The Frozen Food Aisle, Demystified: What to Eat and Avoid
Rare is the person who hasn't thanked their lucky stars that the frozen food aisle exists. When you're in a bind, when you need a break, when you just don't have time to do anything more than microwave, the frozen food aisle comes through. The only problem is that without a little guidance, these packaged meals can quickly turn from friend to enemy, both in terms of your waistline and overall health. Because many busy working women depend on a frozen bite or two to get through the week, we thought it would be helpful to provide some guidance on what to pick up—and what to leave on ice. Keep scrolling for the skinny!
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Whenever possible, reach for frozen food items that can be healthy components to well-rounded meals, rather than pre-made meals themselves. The longer the ingredient the list, the more potential for preservatives, chemicals, and fat. On the other hand, a bag of peas, is just that (ingredient list: peas), i.e. infinitely better for you than frozen lasagna, even when the aforementioned food is organic and low-fat. Frozen single-item bags of vegetables, like peas, brussels sprouts, spinach, kale, green beans, sweet potato, and broccoli, make for delicious and filling sides or snacks when you don't have the time to wash, slice, and dice. All you have to do is steam or microwave them and toss with olive oil, salt, or spices. Frozen edamame is a particular all-star of the frozen food aisle: It's nutrient-dense, high-protein, and low-calorie, and it makes for a delicious and filling snack without any additives. Plus it's a bit more exciting and exotic than say, broccoli, when you want a mid-day nosh.
Even better? The frozen food aisle has pre-cooked bags of brown rice, barley, farro, and quinoa, and more. With a frozen bag of whole grains as your base, you can engineer a multitude of dishes involving other frozen veggies and seasoning (think: stir fries, pilafs, and salads), all while skipping the cooking process—and saving on the calories and unnatural ingredients of most packaged meals. At the office, you can microwave a bag of frozen quinoa and throw in some pantry staples like raisins and almonds for a healthy lunch that beats its calorie-laden freezer-aisle alternatives (see the next slide for more on those).
Frozen fruit, like bags of strawberries, pineapple, blackberries, mango, peaches, and blueberries are another fantastic freezer-aisle option to reach for. Fruit is frozen when the it's at its peak nutrient level, so you reap the maximum benefit from its vitamins and antioxidants for use in smoothies, thawed over oatmeal, or as the topping to a frozen waffle. Just check the bag to make sure you're choosing fruit that's frozen alone, not with any sugar or additional ingredients.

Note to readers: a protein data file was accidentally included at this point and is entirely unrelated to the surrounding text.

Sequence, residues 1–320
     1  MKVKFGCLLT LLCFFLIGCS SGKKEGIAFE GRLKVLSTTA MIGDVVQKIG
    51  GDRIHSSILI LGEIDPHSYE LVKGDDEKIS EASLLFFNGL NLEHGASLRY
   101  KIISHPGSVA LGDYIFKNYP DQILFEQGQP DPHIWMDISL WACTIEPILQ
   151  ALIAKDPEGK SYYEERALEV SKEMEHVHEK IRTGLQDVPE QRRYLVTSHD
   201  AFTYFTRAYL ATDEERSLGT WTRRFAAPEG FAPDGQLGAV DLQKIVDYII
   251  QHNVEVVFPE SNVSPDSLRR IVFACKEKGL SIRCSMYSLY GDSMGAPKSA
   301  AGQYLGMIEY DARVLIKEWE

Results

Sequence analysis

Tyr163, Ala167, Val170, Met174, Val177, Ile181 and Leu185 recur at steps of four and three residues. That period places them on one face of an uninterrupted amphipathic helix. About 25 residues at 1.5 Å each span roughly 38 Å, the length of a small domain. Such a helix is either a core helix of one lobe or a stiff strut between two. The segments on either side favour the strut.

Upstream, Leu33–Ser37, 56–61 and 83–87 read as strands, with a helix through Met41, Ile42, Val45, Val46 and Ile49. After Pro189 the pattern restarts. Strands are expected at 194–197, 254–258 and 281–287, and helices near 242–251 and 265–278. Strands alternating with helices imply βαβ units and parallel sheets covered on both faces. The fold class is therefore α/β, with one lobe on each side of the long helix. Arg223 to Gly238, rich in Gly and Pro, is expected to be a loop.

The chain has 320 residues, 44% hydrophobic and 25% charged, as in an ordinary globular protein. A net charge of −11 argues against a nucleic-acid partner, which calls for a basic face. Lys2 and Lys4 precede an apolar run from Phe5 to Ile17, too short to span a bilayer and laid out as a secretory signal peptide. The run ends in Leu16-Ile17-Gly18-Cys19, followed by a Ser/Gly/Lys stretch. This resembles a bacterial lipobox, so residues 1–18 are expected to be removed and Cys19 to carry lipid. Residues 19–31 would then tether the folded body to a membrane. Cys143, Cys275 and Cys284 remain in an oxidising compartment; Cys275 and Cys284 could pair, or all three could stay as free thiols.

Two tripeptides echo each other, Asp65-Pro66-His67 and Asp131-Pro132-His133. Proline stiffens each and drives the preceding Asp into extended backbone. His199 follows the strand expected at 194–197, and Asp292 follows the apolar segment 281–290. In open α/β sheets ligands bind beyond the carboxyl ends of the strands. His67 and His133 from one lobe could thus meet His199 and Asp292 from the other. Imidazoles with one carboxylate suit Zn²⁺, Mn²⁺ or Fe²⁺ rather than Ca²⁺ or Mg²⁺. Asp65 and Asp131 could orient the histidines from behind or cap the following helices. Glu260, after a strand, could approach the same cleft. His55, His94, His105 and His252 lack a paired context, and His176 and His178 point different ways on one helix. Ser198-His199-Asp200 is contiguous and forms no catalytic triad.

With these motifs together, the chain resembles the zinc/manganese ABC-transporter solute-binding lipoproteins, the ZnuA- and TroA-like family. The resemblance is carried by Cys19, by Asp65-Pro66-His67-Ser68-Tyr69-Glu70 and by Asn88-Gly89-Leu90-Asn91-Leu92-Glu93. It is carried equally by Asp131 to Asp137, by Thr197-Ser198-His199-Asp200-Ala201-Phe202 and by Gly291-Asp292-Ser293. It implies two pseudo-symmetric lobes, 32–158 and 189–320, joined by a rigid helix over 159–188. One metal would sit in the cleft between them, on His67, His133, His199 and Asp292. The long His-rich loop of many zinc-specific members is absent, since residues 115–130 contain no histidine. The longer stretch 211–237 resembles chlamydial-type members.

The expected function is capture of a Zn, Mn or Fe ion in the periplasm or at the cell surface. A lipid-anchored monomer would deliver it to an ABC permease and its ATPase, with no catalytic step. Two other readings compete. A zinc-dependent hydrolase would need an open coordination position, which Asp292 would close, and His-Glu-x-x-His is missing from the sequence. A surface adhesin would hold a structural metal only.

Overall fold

Other good freezer aisle items to reach for include frozen veggie, black bean, and quinoa burgers, plain seafood without any sauce (frozen bagged shrimp, or cuts of halibut and salmon), frozen whole wheat waffles, and frozen sprouted bread. Because freezing preserves the bread, it lacks many of the preservatives needed to keep bread fresh while on the shelf.
We know it's not always possible (we're guilty of falling for frozen tikka masala), but you want to avoid frozen foods that come in sauces, which contain added calories, sodium, sugar, and artificial ingredients. Like in non-frozen life, meals that come in creamy dairy-based sauces or even red sauces, which usually have sugar, are calorie bombs.
You also want to avoid meat or seafood that has been pre-seasoned, which is pretty much synonymous with being sodium-rich, as well as meat or seafood that has been breaded, like frozen chicken nuggets and fish fillets.
It's best to avoid things like frozen pizza, burritos, enchiladas, and casseroles altogether, but if you're reaching for a frozen carb-heavy meal, make sure it doesn't contain heart-harming trans fat in the form of hydrogenated oil, and check the portion size to keep calories and fat intake in check. For instance, the portion size for even some smaller, "healthier" frozen pizzas is 1/3 of the pizza. Eat the whole thing and you could be at upwards of 40 percent of your daily saturated fat limit.
Though bagged frozen fruit is great to reach for, you should avoid canned frozen fruit juice, which usually comes in concentrate and contains heavy amounts of sugar.
What do you reach for and avoid when you hit the frozen food aisle? Anything we left off this list? Sound off in the comments below!